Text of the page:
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Suicide rates on rise; health care providers urge people to talk about mental health

Suicide rates on rise; health care providers urge people to talk about mental health

LA CROSSE, Wis. (WKBT) - The suicide rate in the U.S. went up by 33% between 1999 and 2017, according to a new study from the Centers for Disease Control and Prevention.  The rate is the highest it's been since 1942.

The number of suicides has fluctuated over the years in La Crosse County. In recent years, suicides peaked in 2014 with 26 deaths, according to the La Crosse Area Suicide Prevention Initiative

"Which is very concerning, and the numbers are still high. We want to do everything we can to bring those numbers down," said Tim Blumentritt, a member of the La Crosse Area Suicide Prevention Initiative. The group is comprised of health care professionals, community members and other stakeholders working to prevent suicides.

The data from the county's coroner also show that more men than women completed suicide over the last 10 years. 

"Traditionally, men are at much greater risk for completing suicide, whereas women are more likely to attempt," Blumentritt said.  

So how do you know if a loved one is considering suicide? Health experts say there are a number of possible signs. 

Someone might be talking about killing themselves or ways people die by suicide, withdrawing from others or saying they're worthless, hopeless or a burden.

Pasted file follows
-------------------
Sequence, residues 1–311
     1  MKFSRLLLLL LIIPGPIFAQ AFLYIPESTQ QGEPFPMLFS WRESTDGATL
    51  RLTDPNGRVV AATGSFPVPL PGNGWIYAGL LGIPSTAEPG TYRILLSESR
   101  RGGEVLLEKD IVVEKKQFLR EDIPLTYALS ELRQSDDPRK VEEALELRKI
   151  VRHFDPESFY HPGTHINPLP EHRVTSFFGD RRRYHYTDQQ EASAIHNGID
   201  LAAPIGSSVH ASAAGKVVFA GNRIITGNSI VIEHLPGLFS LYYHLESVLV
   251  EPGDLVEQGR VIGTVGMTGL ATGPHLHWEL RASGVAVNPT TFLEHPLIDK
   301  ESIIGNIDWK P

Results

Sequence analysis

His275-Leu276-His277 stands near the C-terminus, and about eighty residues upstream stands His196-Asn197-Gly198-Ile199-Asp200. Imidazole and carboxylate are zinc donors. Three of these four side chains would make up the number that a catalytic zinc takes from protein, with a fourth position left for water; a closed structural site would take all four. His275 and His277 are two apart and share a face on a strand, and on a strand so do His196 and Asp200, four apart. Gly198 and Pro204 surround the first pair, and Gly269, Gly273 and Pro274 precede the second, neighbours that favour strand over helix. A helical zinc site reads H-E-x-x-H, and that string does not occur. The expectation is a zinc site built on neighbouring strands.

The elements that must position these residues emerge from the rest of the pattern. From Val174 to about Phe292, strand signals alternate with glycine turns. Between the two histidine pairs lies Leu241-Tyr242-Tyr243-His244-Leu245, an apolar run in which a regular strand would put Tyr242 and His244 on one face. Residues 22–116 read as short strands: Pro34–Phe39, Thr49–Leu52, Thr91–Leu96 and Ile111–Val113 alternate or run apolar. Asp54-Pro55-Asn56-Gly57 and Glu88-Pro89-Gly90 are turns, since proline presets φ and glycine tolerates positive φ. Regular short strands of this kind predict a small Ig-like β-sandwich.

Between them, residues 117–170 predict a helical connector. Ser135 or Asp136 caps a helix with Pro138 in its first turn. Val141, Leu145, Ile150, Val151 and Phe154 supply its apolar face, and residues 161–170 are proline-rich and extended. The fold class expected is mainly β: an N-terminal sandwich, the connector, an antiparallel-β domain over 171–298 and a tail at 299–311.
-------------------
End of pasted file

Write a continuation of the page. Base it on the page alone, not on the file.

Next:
There are also a lot of misconceptions about suicide. 

"If someone talks about it, they're not really going to do it. And that really isn't the case," said Theresa Helgeson, a clinical therapist with Mayo Clinic Health System.  

She suggests people encourage a loved one to talk further about how they're feeling or ask them some questions. 

"'Are you feeling down? Is there anything you want to talk about?' Or, say the word, 'Are you feeling suicidal?'" Helgeson said.

These mental health care professional say the most important thing is to get people the help they need when they need it the most. 

"If we can intervene when that crisis is at its highest and help people get through that short-term crisis, that can make all the difference in the world," Blumentritt said.  

Blumentritt also serves as the director of the CARE Center, a mental health crisis and detox facility in La Crosse. This is one of the many services available to people in the area seeking services. For more information on the resources available to people in crisis, dial 211 to be connected. 

If you feel like someone is in need of urgent help -- maybe they're threatening to hurt or kill themselves-- call 911. 

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